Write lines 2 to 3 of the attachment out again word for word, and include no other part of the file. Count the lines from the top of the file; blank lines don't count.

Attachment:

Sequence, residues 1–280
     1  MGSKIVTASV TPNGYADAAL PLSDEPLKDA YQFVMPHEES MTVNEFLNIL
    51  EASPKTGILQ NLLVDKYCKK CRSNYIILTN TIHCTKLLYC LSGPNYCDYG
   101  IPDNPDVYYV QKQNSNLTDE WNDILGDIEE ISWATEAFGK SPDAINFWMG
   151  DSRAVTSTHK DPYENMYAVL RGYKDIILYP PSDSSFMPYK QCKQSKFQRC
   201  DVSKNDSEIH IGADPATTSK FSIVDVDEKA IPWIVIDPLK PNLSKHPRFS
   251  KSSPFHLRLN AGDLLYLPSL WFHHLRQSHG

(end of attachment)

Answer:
     1  MGSKIVTASV TPNGYADAAL PLSDEPLKDA YQFVMPHEES MTVNEFLNIL
    51  EASPKTGILQ NLLVDKYCKK CRSNYIILTN TIHCTKLLYC LSGPNYCDYG